My mother, having decided to pursue a policy of complete disclosure concerning sex, sat down with me the first time I came with questions and we had a very long and detailed discussion. Unfortunately, as I was about 6 or 7, I wasn’t prepared for most of what I heard and developed some very enduring misconceptions. Most notably, there was the part where my mother said that the man puts his penis in the woman’s vagina and they stay connected “for a long time.”
“How long?” I asked. “Oh, a long time,” my mother answered, probably unwilling to engage in a discussion of sexual stamina with her cherub. That was fine, but it left me thinking… like a couple of days, maybe? Perhaps a week? That, of course, led me to a lot of other questions: Do they go to work like that? How about shopping? How do they walk around? And if having babies was so common, how come I hadn’t seen more of these sexually conjoined couples going about their business around town? Maybe I hadn’t been observant enough.
Older, but Not Much Wiser
When I was about 8 years old, I was as sweet and innocent as any little 8-year-old girl should be; some of the boys in my class, however, were more advanced in their sexual vocabulary. One day in the cafeteria line at school, the two boys ahead of me decided to have some fun with me. They asked, “Are you a virgin?” I knew if I picked the wrong answer, they would make fun of me, but I had no idea what a virgin was, so I started looking around to the other kids for help. The girl behind me in line piped up: “It’s an unwed mother—you know, like the Virgin Mary!” I quickly understood why the boys thought their question was so funny—they were hoping I’d say that I had a baby! Or maybe being a virgin was something special and holy, and if I claimed to be a virgin, it was sort of like claiming to be God! Either way, I was horrified, and I whipped my head and said, “No way! I’m not a virgin!” They of course laughed hysterically for the rest of the lunch period.
Still Not a Virgin
My mother grew up in the ’50s and didn’t even know what “intercourse” was until she was 16. Furthermore, she tried to pass on the morality of the ’50s: boys ask, and [good] girls say “no.” Sex is bad, and only whores want it. You do it because you HAVE to. Once I asked what “that little thing”—my clit—was, and she said, “I don’t know. I don’t think it does anything. It’s just sort of there, like the thing hanging down at the back of your throat.” For years I didn’t know that women were even capable of having orgasms, and I doubt my mom knows now. The even stranger thing was that I’d been having them for a long time (I discovered masturbation quite by accident at the age of 7), but had no idea that’s what I was doing—I thought it had something to do with my kidneys and that I was going to give myself renal failure, because it felt vaguely like I “had to go to the bathroom” whenever I came.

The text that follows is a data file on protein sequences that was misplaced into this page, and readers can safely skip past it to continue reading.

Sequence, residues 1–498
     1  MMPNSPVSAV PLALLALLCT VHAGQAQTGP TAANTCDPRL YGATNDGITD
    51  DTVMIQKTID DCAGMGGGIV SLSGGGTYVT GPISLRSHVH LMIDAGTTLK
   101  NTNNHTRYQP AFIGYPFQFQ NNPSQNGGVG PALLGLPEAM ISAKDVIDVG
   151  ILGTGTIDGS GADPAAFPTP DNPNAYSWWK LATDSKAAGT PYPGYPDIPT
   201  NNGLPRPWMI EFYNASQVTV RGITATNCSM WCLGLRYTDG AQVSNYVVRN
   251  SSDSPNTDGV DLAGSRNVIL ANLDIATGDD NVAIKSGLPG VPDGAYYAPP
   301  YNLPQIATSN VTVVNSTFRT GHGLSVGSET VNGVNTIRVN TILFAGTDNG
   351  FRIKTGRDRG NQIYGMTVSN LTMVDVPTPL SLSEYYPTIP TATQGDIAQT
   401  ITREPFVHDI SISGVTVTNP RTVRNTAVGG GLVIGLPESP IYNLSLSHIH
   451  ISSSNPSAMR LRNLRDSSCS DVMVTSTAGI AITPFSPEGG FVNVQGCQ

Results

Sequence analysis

Orgasmic but Ignorant
I went with my dad to visit his best friend, who bred Saint Bernards. While there, I saw this large wooden contraption and asked Dad what it was for. Turns out it was a breeding support so the dog (who is usually well over 150 lbs.) doesn’t hurt the bitch. My dad explained what a mommy dog and a daddy dog do to make puppies. He explained as accurately as a 4-year-old could understand, and I seemed to get what he was talking about. Later that day we came home and I ran up to my mother. “Mom! Guess what I learned today!” I then proceeded to give a fairly detailed description of what a mommy dog and a daddy dog do to make puppies, followed by the exclamation: “You and Dad should do that!” You see, I wanted a puppy.
Biologist Who Knows Better Now
When my mom gave me “the talk,” I was pretty young, maybe 5 or 6. She kept talking about it in this very glowing, hippie way, saying things like, “When the man and woman feel love, they get excited to be around each other, and the penis and vagina get excited too.” I kind of imagined my parents’ genitals bouncing around, detached from their bodies, in a little pre-sex party. A couple of months later, my mom told me that my dad was going to have an operation to make sure that they didn’t have any more babies. I was horrified. This would mean that they would be cutting off his penis, and it wouldn’t be able to party anymore. Babies must be really awful, I thought, if my parents would give up this wonderful thing to avoid having more. So, my dad had the operation, and a week or so later, he was changing in his bedroom and I was playing in there, and I looked up and saw he was intact. “Good, you’re keeping it!” I said. Dad called mom into the room and we sorted it all out.
Not everyone who has a sexual misconception is a child: My best friend at work is one of those goody-two-shoes virgins who I’ve been steadily corrupting for a year now. She was giving me a ride home one night when I made a comment about a lesbian coworker’s tongue piercing, saying, “Her girlfriend must really love it when she gives her head.” My friend turned to me and said, “Lesbians give each other head?” I rolled my eyes at her and asked her how she thought lesbians had sex. “Oh, I always imagined that they would hump each other’s leg or something.” Hopeless in Houston